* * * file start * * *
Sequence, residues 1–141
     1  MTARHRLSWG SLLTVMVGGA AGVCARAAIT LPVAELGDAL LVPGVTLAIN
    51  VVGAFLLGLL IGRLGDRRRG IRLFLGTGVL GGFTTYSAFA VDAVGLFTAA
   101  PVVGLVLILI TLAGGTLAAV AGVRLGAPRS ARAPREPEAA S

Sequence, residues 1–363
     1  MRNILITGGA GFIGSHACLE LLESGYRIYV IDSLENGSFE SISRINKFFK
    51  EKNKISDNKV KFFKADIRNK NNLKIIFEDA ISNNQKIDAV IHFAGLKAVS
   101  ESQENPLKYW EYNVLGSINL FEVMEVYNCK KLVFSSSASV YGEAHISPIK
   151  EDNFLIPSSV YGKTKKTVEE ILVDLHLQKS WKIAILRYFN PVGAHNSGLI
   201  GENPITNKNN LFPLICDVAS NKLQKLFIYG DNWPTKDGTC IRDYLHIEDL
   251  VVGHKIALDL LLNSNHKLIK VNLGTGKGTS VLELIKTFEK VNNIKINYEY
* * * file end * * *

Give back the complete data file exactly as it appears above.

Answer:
Sequence, residues 1–141
     1  MTARHRLSWG SLLTVMVGGA AGVCARAAIT LPVAELGDAL LVPGVTLAIN
    51  VVGAFLLGLL IGRLGDRRRG IRLFLGTGVL GGFTTYSAFA VDAVGLFTAA
   101  PVVGLVLILI TLAGGTLAAV AGVRLGAPRS ARAPREPEAA S

Sequence, residues 1–363
     1  MRNILITGGA GFIGSHACLE LLESGYRIYV IDSLENGSFE SISRINKFFK
    51  EKNKISDNKV KFFKADIRNK NNLKIIFEDA ISNNQKIDAV IHFAGLKAVS
   101  ESQENPLKYW EYNVLGSINL FEVMEVYNCK KLVFSSSASV YGEAHISPIK
   151  EDNFLIPSSV YGKTKKTVEE ILVDLHLQKS WKIAILRYFN PVGAHNSGLI
   201  GENPITNKNN LFPLICDVAS NKLQKLFIYG DNWPTKDGTC IRDYLHIEDL
   251  VVGHKIALDL LLNSNHKLIK VNLGTGKGTS VLELIKTFEK VNNIKINYEY